Designing Data Together

Published on April 18, 2014 | Written by

I’ll be the first to admit it: I do not mix well with numbers. Whether it is spreadsheets, graphs or equations, the prospect of dealing with any sort of quantitative data scares me. I’ll be willing to bet many people feel this way, even people who participate in research studies.

Earlier this month, Youthprise partnered with Rainbow Research to talk about that very thing that scares me: numbers. However, our event, which shared information from our OST Baseline Study, was anything but scary. How did we do it? Design Thinking.

Bianca, getting ready to design the data!

Bianca, getting ready to design the data!

Last year Youthprise commissioned Rainbow Research to do a baseline study that determined participation gaps in out-of-school time programming, starting with the city of Minneapolis. While I won’t get into the nuts and bolts of the study here, you can visit our website to learn more about the study and why we commissioned it. On an early morning in April we brought together participants in the study and stakeholders to take a deeper dive. First, we wanted to make sure that participants understood the findings and how to use them. How do you use the study to communicate to funders? Or policymakers? Or peers? Second, we wanted to gain insights into how to better collect data in the future. And finally we asked – so what? What are the implications of the data we found and how do we move forward?

The first part of the event was centered on a presentation given by Rainbow Research’s Beki Saito. Attendees were asked to sit in a circle of chairs during the presentation to facilitate dialogue. Once Beki’s presentation was finished, the collaborative thinking process began. In between Prince songs, instructions were given from our youth/adult team of design thinking facilitators, Libby Rau, our Director of Youth Engagement, and Neese Parker, our Youth Philanthropy Innovator. Libby, who was fresh off a weeklong trip to Stanford to participate in a design thinking boot camp, urged participants to embrace the change in pace.

The goal for the design part – after hearing the initial results of the study – was to think together about how we can move the data from the paper into action.  We wanted to engage in a process that fostered radical collaboration with a bias toward action.

Designing the data

Designing the data

We challenged the group to be mindful of the process and embrace experimentation try something new and find nuggets of innovation in the wildest craziest ideas.

Instead of sitting around tables, participants stood at stations and engaged in the first step of the process: idea generating. Participants were asked to generate ideas are three big questions.

  • How can we adjust programming based on participation gaps?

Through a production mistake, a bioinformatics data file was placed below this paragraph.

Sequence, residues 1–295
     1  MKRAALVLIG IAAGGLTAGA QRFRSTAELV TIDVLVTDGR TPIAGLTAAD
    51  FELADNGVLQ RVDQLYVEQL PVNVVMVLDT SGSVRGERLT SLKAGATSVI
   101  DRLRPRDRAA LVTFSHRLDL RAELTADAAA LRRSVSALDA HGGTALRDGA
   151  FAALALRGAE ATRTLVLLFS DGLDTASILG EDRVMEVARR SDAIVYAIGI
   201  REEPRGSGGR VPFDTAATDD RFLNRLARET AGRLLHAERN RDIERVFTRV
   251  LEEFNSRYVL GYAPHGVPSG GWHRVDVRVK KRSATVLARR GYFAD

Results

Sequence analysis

• How can we collect data differently?
  • How can we approach citywide planning based on what we’ve learned?

No idea was too small, no idea too big. Once we went through several rounds,over 500 ideas were generated. And it took less than 20 minutes. After all the ideas were put onto paper, groups were asked to cluster “like” ideas and label ideas that were the wildest, most likely to succeed and easiest to implement. Once the ideas were labeled, participants then had to vote on the idea they would present. The catch? It had to be one of the ideas labeled “wildest idea”. Once one idea was selected, groups walked around to see other ideas and add their own “yes, and…” statements.

Beki Saito, sharing the findings

Beki Saito, sharing the findings

The “yes and” statements were designed to build off of original ideas and practice saying YES to new/different ideas AND add something to it (this is the radical collaboration part – we tend to use no, but such language can stop innovation in its tracks). The result? Some wild, innovative and potentially successful ideas were designed.

While some components of design thinking are fast paced, the process is not about producing an innovative solution in the blink of an eye. Design Thinking is about the process. It is about working with a team to share a multitude of ideas. It is about visualizing ideas. It is messy. And loud. In fact, maybe one reason that we like design thinking so much at Youthprise is because it reminds us of another key strategy that we use throughout all of our work: youth/adult partnerships.

And while we did not come up with any final solutions at our baseline study event, we did learn – A LOT. We learned that people see social media as a tool for disseminating data and increasing access for research participants. We learned that data alone cannot solve disparities in access. We learned what worked with our baseline study data collection, and maybe more importantly, what didn’t. And while we did not come up with any final solutions, we did arrive at some general directions to go in taking next steps.

Design thinking is really meant to be the beginning of a process – it’s often a misconception that at the end of the day all the work is complete and the ideas are tied up in a nice little bow.

Bianca, myself, Neese and Libby - not afraid of numbers!

Bianca, myself, Neese and Libby – not afraid of numbers!

In reality, design thinking is just the initial part of the planning – the jumping off place – it’s about thinking big and changing the way we foster ideas. The next steps now require continued evaluation and vetting of the ideas, developing timelines and implementation plans, etc.

And outside of all of these larger things, this event also made me just a little less afraid of numbers.

 by Lizzy Shramko, Storyteller & Online Community Builder

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